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On Monday 31 January 2005 17.15, Mark Hamburg wrote:
> Not applicable to Lua without whacking pretty much everything, but
> Forth is very interesting in this regard by virtue of having
> separate operand stacks and return address stacks. Since every Forth
> word (subroutine) is either a primitive or a sequence of other Forth
> words, it becomes straightforward to recognize common subsequences
> of Forth words and first define them as words in their own right
> (code compression) and re-implement them as native code
> (optimization) if appropriate. 

That means operations and operands are inherently lists, rather than 
trees? That's obviously very handy, but isn't that pretty close to 
what you get if you optimize somewhere close to, or on the generated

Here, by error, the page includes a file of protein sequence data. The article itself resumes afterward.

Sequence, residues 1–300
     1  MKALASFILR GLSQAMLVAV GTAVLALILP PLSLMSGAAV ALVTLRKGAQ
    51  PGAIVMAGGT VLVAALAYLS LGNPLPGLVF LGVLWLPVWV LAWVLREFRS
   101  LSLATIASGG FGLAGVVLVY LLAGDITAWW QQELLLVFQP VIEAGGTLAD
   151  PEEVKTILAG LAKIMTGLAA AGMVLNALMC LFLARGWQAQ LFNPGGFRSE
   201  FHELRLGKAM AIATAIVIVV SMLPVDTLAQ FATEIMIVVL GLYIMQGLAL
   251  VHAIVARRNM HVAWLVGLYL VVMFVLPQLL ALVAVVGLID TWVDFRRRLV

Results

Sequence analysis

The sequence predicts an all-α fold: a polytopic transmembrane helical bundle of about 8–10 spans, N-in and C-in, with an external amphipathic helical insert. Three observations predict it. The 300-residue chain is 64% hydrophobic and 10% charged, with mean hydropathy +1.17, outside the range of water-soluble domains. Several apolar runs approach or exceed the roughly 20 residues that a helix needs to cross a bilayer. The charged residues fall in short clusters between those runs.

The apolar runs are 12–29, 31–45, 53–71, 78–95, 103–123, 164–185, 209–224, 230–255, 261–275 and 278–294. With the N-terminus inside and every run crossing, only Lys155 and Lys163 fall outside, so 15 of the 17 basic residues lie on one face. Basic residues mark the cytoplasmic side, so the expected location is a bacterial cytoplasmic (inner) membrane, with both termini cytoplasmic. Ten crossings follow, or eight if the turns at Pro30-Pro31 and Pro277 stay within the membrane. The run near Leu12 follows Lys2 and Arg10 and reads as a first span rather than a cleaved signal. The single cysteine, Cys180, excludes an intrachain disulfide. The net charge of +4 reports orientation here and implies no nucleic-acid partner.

code for any normal CPU or VM? Peephole optimization, that is. Works 
whether you want shorter/faster sequences or complex instructions.

> Unfortunately, modern processors aren't quite as friendly
> toward Forth as they might be.
> More in keeping with the conventional byte-code model is to use
> bottom-up tree-rewriting to use complex instructions. lcc does this.

Do you have any links related to this?

When parsing expressions, the EEL compiler constructs trees of 
"manipulators" rather than generating VM code directly. This is 
mostly for other reasons, but I quickly realized that these 
structures would lend themselves nicely to various optimization 

//David Olofson - Programmer, Composer, Open Source Advocate

.- Audiality -----------------------------------------------.
|  Free/Open Source audio engine for games and multimedia.  |
| MIDI, modular synthesis, real time effects, scripting,... |
`-----------------------------------> -'
   --- --- ---